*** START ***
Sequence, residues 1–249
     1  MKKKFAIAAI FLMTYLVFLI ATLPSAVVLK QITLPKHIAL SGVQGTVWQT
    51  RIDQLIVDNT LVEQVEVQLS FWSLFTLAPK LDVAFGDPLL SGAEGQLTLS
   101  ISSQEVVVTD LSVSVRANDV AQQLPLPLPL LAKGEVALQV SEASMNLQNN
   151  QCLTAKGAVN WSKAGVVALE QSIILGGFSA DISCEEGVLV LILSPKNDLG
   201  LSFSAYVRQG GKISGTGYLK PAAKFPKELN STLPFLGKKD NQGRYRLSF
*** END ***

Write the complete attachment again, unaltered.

Sequence, residues 1–249
     1  MKKKFAIAAI FLMTYLVFLI ATLPSAVVLK QITLPKHIAL SGVQGTVWQT
    51  RIDQLIVDNT LVEQVEVQLS FWSLFTLAPK LDVAFGDPLL SGAEGQLTLS
   101  ISSQEVVVTD LSVSVRANDV AQQLPLPLPL LAKGEVALQV SEASMNLQNN
   151  QCLTAKGAVN WSKAGVVALE QSIILGGFSA DISCEEGVLV LILSPKNDLG
   201  LSFSAYVRQG GKISGTGYLK PAAKFPKELN STLPFLGKKD NQGRYRLSF